Justice in order for Peace NOW

Justice for the people of Darfur

“Why give al-Bashir 12 months, when for 5 years we have seen no peace?” the question posed by a young man in a Darfur refugee captures the theme heard over and over again in the camp during our late July visit. And the theme of international debate over what our next steps for Darfur should be.

For almost four months now representatives of the international community – countries, experts, judges – has been debating whether indicting Sudanese President al-Bashir would impede the peace process for Darfur. The United Nations Security Council (UNSC) has the opportunity to postpone the indictment for 12 months according to the Rome Statute Article 16 and plans on voting on this as soon as September. But it would be impossible for an arrest warrant for al-Bahsir to impede the peace process, because there is not peace in Darfur. Since Moreno-Ocampo statement on June 5th, peacekeepers have been attacked and murdered and bombs have fallen from Sudanese aircraft into IDP camps in Darfur.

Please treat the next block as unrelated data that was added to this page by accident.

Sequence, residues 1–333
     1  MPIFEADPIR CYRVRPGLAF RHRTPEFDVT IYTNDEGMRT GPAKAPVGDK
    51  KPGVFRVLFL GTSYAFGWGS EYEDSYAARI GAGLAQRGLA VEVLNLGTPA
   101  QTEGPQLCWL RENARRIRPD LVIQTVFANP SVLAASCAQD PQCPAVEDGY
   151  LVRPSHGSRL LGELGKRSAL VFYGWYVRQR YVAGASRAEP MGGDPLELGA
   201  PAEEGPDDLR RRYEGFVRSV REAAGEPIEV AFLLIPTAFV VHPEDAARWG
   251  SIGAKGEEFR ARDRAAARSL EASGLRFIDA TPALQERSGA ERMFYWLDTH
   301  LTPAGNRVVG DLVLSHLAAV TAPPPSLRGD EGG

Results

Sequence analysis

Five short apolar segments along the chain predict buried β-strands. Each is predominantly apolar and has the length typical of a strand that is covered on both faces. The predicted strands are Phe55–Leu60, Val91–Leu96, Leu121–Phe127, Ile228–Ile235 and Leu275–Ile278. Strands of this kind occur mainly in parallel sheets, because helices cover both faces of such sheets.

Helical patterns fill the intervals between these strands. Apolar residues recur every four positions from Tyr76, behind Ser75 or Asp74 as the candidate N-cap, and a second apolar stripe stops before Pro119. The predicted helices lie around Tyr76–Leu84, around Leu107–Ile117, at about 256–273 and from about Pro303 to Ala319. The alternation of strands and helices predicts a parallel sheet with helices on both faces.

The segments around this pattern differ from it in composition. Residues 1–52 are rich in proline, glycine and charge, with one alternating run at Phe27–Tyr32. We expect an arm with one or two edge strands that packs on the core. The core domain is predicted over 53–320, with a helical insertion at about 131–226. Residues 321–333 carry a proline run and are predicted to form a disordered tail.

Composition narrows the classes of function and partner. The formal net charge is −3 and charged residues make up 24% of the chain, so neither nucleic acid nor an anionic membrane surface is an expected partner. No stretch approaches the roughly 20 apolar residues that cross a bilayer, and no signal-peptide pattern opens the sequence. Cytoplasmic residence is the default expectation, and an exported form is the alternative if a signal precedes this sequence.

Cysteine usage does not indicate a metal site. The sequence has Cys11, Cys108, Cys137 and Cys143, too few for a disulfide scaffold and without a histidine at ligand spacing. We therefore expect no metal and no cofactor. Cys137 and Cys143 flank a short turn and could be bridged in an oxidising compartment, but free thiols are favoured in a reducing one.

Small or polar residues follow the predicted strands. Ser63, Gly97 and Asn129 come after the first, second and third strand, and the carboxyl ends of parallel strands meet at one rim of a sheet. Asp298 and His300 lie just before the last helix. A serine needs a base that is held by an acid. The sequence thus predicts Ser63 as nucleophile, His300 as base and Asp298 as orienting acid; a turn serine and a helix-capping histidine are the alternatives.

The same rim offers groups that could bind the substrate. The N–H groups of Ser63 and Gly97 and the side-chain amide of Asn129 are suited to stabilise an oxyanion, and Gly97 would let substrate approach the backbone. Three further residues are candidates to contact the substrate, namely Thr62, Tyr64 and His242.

We need to guarantee that President Bush and our UNSC representative support justice and peace in Darfur and show this by ensuring that the UNSC allows the ICC to continue with their efforts to charge al-Bashir with genocide, crimes against humanity, and war crimes. Our leaders must veto attempts to block ICC progress by using Rome Statute Article 16.

As one woman described, “A delay will not be a chance for peace. It will be a chance for Bashir to kill more.”

The August 24th killings and burning of homes in Kalma Camp, Nyala, Darfur is the most recent example of this continued terror and attempted extermination of the people of Darfur. As the international community and experts take a vacation and debate themes of peace, Al-Bashir’s confidence in carrying out genocide grows and his latest attack, carried out not by Janjaweed but by Sudanese military, is only the most recent example of continued, not impeded, genocide.

For the protection of the people and for the peace process, we need to bring Justice to Darfur. From a refugee to the world, “Justice first, then peace will come.”

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Katie-Jay keeps i-ACT running on several levels. Much of her work entails coordinating partnerships with other grassroots organizations and implementing the campaigns developed by Gabriel and seeing through the details. She graduated from Portland State University with a BA in Sociology and a focus on Community Development. She has previously worked as a community organizer in Thailand, Guatemala, and with grassroots organizations across the United States.

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